The Special Olympics wrapped up their 50th anniversary games in New Haven on Sunday afternoon.
More than 2,500 athletes descended on the fields of Southern Connecticut State University, Hamden Hall Country Day School, and Yale for the games.
It took hundreds of volunteers and more than 300 coaches to pull this event off, and of course, sponsors.
Athlete and East Haddam resident Ashley Mason told Channel 3 on Sunday that she worked hard to compete in Connecticut’s Special Olympics.
Mason said she has already won gold three times, and she is not done yet.
“Mini jib, one in long jump, and the 4 x 100 relay,” said Mason. “That was all yesterday. I have one more today. I have my 100 meter.”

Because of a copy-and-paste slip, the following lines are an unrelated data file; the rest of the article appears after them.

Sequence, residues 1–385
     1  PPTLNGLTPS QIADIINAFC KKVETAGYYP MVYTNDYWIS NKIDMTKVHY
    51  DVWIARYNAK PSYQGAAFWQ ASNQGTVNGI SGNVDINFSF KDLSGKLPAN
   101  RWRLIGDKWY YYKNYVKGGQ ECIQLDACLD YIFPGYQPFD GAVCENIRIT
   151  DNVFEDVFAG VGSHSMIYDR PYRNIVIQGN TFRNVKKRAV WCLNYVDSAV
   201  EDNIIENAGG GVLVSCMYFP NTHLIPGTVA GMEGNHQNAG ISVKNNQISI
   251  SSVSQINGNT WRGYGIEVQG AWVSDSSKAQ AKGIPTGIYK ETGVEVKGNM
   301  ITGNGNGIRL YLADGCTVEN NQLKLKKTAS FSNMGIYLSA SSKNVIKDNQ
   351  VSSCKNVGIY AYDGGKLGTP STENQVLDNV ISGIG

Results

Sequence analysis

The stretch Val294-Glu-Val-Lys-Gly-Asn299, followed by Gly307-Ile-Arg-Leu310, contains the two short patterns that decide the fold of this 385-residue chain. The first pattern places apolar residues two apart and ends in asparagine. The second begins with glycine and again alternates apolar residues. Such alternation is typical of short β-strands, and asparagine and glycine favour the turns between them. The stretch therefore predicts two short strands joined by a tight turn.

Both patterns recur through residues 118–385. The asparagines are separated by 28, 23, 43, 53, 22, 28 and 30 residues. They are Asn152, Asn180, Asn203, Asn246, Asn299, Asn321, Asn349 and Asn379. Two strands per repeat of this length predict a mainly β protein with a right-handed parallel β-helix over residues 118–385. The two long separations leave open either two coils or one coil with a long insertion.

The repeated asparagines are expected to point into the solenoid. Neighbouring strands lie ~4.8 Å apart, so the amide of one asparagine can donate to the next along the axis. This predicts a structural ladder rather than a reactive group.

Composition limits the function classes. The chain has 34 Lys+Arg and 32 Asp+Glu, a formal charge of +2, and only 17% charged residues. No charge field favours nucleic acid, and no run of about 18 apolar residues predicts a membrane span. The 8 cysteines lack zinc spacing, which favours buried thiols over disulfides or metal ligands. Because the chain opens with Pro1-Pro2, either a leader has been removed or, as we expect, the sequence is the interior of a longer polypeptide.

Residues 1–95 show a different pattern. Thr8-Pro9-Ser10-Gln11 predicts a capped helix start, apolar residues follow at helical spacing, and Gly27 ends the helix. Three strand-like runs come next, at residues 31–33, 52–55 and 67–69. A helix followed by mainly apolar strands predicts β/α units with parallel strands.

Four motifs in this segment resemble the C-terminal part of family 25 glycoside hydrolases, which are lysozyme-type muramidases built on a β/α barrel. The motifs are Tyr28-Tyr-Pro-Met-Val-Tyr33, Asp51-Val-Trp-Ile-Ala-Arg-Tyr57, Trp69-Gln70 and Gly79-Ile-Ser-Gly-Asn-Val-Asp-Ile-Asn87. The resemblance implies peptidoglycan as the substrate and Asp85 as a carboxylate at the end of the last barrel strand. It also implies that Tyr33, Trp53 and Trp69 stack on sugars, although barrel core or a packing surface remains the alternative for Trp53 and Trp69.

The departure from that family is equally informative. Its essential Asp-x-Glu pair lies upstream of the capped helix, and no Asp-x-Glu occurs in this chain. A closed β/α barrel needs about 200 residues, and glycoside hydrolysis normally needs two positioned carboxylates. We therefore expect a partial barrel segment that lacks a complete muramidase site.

Athletes are competing in everything from swimming, tennis, track and field, and cycling. The Special Olympics also prides itself on being the world’s largest health organizations for people with disabilities.
“I’m doing the relay one today. And I did the running yesterday and I did the softball one yesterday,” said athlete and Clinton resident, Meredith Hile.
Volunteers offered free health screenings for some athletes who otherwise could not afford them.
But, athletes on Sunday told Channel 3 that it is the joy of the sport, and sense of community that keeps them competing year after year.
“Well, it’s something that you might want to try once and a while,” said athlete and Westbrook resident, Rebecca Kennelly. “It’s really fun. You get to work with people. People you never knew before.”
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